Monday, November 30, 2009

The Eternity of God

A. W. Tozer writes about God's eternity:

"From everlasting to everlasting, thou art God," said Moses in the Spirit. "From the vanishing point to the vanishing point" would be another way to say it quite in keeping with the words as Moses used them. The mind looks backward in time till the dim past vanishes, then turns and looks into the future till thought and imagination collapses from exhaustion: and God is at both points, unaffected by either.

Time marks the beginning of created existence, and because God never began to exist it can have no application to Him. "Began" is a time-word, and it can have no personal meaning for the high and lofty One that inhabited eternity....

God dwells in eternity but time dwells in God. He has already lived all our tomorrows as He has lived all our yesterdays. An illustration offered by C. S. Lewis may help us here. He suggests that we think of a sheet of paper infinitely extended. That would be eternity. Then on that paper draw a short line to represent time. As the line begins and ends on that infinite expanse, so time began in God and will end in Him.

That God appears at time’s beginning is not too difficult to comprehend, but that He appears at the beginning and end of time simultaneously is not so easy to grasp; yet it is true.

--A. W. Tozer, The Knowledge of the Holy, ch. 7 "The Eternity of God"

Friday, November 27, 2009

9 Recent Things for Which I’m Thankful

  1. Central District prayer meetings Wednesdays at 6:30am
  2. Fresh signs of spiritual growth in my son
  3. My son’s job at Chick-fil-A: he really enjoys the job
  4. Opportunities to encourage a few guys
  5. Two preaching opportunities while Pat was on vacation
  6. My oldest daughter’s ability to save up her money instead of spend it
  7. My son’s generosity
  8. My youngest daughter’s ever-expanding vocabulary (things like, “You’re crazy, Dad,” and, addressing her sister in the morning, "Good morning, Crunchy Cereal" )
  9. My middle daughter’s growing theological understanding (see below)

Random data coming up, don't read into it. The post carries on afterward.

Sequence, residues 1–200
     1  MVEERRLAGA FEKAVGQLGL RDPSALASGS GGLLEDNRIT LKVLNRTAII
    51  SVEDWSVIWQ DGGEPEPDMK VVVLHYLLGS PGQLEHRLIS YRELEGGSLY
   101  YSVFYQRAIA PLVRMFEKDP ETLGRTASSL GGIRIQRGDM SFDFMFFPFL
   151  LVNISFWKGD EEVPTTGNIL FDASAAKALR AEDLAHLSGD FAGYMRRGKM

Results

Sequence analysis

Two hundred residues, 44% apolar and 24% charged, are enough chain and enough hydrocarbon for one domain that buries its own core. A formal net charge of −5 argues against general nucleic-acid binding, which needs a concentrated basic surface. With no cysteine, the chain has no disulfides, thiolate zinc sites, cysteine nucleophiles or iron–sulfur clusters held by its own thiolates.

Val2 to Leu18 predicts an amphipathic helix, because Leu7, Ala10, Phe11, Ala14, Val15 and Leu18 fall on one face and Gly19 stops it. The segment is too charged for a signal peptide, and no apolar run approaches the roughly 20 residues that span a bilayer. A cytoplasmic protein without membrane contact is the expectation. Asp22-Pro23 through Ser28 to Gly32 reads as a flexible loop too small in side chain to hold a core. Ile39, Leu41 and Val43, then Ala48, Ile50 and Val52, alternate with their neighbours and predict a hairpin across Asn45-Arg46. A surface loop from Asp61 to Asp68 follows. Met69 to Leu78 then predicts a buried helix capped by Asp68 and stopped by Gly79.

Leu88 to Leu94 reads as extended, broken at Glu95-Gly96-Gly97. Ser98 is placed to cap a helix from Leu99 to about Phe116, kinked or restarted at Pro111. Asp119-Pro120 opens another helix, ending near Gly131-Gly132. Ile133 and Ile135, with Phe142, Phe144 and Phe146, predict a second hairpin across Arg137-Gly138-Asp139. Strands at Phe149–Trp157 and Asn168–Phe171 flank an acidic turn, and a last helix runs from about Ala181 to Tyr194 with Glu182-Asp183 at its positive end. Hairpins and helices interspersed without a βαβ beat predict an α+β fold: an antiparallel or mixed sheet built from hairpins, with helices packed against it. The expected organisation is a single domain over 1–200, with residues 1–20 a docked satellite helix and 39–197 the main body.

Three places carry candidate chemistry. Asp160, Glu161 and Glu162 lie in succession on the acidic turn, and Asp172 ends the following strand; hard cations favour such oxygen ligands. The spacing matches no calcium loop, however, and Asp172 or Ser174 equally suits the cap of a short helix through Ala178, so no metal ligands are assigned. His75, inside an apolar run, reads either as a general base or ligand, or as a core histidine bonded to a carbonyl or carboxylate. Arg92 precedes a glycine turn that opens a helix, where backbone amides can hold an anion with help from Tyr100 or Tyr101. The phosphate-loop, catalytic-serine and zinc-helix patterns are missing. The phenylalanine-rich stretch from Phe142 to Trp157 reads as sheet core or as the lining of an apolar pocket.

Yesterday as we went around the table ticking off things we're thankful for, Anna mentioned among other things God’s sovereignty, omnipotence, and omnipresence. When my mom asked her what each of those meant, she explained without stuttering or trying to recall. She knew what each meant. So I guess a 10th thing I’m thankful is a good Sunday School education for my kids.

Wednesday, November 25, 2009

No Pulpit for Old Men

I listened to a discussion of pastors talking about how hard it is to be hired by a church when one is upper-middle age. Their consensus was that churches are looking for younger pastors with young families.

"You're the perfect demographic, Kent. In your 30s (at the time), 3 kids (at the time), dashing and handsome (they didn't actually say that, but I'm sure they were thinking it)."

I found the discussion frustrating at the time, because there seemed to be little trust in God's ability to place an older pastor in a new pulpit.

I realize that what these guys were talking about is probably generally true; search committees probably do look for younger guys. But I think that's a mistake.

I think, in fact, that all things being equal, older pastors probably make better pastors. This I glean from my own experience as a Christian and as a student of the Bible.
  • Is it not true that as I study passages now I understand them a lot better than when I studied the same passages several years ago?
  • Is it not true that in the intervening years since I began at Northside, the Lord has taught me a great deal? (And I am still ignorant of many things ... the Lord knows I am a slow student.)
  • Do not older pastors in general bring a great deal of wisdom into the pulpit?
I remember attending a church in Indy and listening to a septuagenarian deliver a stirring message on the last 8 verses of Galatians. The fire in his belly! The wisdom of his years with Christ!

Churches should consider all candidates apart from the age question (unless perhaps a 15-year-old is applying). What is God's will?